Three examples of National Public Radio’s journalism won Peabodys: Covering Pakistan: War, Flood and Social Issues, reports that made the country vivid beyond the headline disasters; Behind the Bail Bond System, an investigation that revealed inequities and conflicts of interest; and Seeking Justice for Campus Rapes, a study of sexual assaults at colleges and the shockingly light penalties that the perpetrators often receive.
In the area of news, Peabodys went to Reality Check: Where Are the Jobs?, in which WTHR-TV reporters exposed grossly inflated job-creation statistics by Indiana state agencies and officials; KSTP-TV’s Who Killed Doc?, an investigation of a Minnesota sailor’s accidental electrocution in Iraq; and Bitter Lessons, a probe by Dallas station WFAA-TV of government-funded “career” schools that fail miserably to do their jobs. A Peabody also went to The Lord Is Not On Trial Here Today, presented by WILL-TV of Champaign, Ill. This artfully assembled documentary examined the landmark court case that established separation of church and state in public schools.
C-Span’s new Video Library—a free, searchable website uploaded with every program the public-affairs channel has televised since 1987—was honored with a Peabody for its contribution to history, scholarship and public life. And CNN was cited for comprehensive Coverage of the Gulf Oil Spill that encompassed every impact from economic to environmental to political.
The documentary honorees underscored the robust, diversified state of the non-fiction form. They included If God Is Willing and Da Creek Don’t Rise, Peabody-winner Spike Lee’s survey of New Orleans’ ongoing recovery, five years after Hurricane Katrina; Wonders of the Solar System with Brian Cox, a dazzling, simulated tour of our celestial neighborhood; and Magic and Bird: A Courtship of Rivals, a touching, surprising history of two iconic athletes rivalry and enduring friendship. The world of sports also was represented with commendable depth, breadth and insight by the Peabody-winning 30 for 30, a collection of documentaries commissioned by ESPN for its 30th anniversary.
Wars, past and ongoing, were the focus of several Peabody-winning reports. They included My Lai, an elegiac American Experience documentary that shed new light on the worst atrocity in U.S. military history; The Most Dangerous Man in America: Daniel Ellsberg and the Pentagon Papers, a P.O.V. account of one man’s deeply personal decision and its lingering impact; The Wounded Patrol, a FRONTLINE special that dealt with the psychiatric casualties of the wars in Iraq and Afghanistan; and The Cost of War: Traumatic Brain Injury; Coming Home a Different Person, a multimedia Washington Post website report about soldiers’ concussive injuries and the science being used to treat them.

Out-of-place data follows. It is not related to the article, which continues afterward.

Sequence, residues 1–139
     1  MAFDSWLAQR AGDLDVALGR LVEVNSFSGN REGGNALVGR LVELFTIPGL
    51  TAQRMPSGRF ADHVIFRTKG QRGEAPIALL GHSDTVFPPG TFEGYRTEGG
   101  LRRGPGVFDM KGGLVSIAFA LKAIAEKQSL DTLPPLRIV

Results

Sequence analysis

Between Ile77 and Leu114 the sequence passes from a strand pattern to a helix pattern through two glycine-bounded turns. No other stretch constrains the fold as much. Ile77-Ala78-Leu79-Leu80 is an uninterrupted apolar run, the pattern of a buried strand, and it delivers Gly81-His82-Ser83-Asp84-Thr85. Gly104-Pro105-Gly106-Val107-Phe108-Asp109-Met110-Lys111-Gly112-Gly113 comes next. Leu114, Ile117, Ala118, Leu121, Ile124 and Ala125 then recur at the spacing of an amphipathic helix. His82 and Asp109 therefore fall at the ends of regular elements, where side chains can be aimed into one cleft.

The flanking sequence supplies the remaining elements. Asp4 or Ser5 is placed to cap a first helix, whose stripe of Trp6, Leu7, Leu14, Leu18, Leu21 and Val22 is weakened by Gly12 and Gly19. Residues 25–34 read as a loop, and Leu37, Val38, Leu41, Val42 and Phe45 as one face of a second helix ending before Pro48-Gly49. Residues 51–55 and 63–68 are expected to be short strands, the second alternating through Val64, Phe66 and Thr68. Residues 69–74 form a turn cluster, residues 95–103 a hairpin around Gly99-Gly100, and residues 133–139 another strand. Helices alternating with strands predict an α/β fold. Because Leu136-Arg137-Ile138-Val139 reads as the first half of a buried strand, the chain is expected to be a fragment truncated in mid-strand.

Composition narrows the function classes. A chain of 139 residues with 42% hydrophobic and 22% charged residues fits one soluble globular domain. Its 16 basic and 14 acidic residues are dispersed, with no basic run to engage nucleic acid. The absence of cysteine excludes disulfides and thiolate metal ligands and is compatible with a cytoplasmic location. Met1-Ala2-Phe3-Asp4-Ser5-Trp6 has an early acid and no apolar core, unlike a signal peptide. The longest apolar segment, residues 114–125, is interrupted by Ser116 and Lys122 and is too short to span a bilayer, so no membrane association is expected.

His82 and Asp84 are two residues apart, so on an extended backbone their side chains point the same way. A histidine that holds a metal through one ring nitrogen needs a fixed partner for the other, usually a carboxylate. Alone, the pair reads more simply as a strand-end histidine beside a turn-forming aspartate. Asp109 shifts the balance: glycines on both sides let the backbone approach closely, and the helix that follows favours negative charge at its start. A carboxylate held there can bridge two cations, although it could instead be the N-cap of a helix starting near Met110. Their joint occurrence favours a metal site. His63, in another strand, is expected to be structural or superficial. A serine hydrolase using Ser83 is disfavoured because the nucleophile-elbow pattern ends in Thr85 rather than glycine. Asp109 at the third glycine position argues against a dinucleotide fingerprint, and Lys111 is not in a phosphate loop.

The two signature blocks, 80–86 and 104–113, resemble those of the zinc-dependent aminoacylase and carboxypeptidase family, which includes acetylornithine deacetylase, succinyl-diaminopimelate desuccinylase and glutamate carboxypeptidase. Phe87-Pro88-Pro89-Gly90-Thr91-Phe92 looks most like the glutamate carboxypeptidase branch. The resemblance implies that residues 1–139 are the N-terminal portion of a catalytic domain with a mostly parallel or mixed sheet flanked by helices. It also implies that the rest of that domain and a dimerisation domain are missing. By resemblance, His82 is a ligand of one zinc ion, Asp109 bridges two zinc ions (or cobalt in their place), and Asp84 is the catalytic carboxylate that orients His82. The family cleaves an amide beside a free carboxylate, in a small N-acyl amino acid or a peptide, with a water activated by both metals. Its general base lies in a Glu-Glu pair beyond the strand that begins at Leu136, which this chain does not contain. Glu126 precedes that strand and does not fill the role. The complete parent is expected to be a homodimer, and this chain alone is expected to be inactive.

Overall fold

Rounding out the list of documentary winners were a trio of HBO films: For Neda examines what the life and death of Neda Agha-Soltan, whose senseless shooting made her the international face of Iranian opposition, has meant for her family, friends and country. 12th and Delaware takes stock of the unending abortion debate via the metaphoric coincidence of an abortion clinic and a pro-life pregnancy center on facing street corners in Ft. Pierce, Fla. Burma VJ chronicles the heroism of video journalists who clandestinely recorded the Burmese government’s vicious crackdown on human-rights protests in 2007 and smuggled the images to the outside world.
“The Peabody Awards were established with deep respect for the critical role played by electronic media in contemporary society and culture,” said Newcomb. “The annual announcement of the recipients continues in that spirit to recognize work that sets the highest standards for the media industries.”
The Peabodys, the oldest awards in broadcasting, are considered among the most prestigious and selective prizes in electronic media. The Peabody Awards recognize excellence and meritorious work by radio and television stations, networks, webcasters, producing organizations and individuals. The 16-member Peabody Board is a distinguished panel of television critics, industry practitioners and experts in culture and the arts. Selection is made by the board following review by special screening committees of UGA faculty, students and staff.
All entries become a permanent part of the Peabody Archive in the University of Georgia Libraries. The collection is one of the nation’s oldest, largest and most respected moving-image archives. For more information about the Peabody Archive or the Peabody Awards, see www.peabody.uga.edu.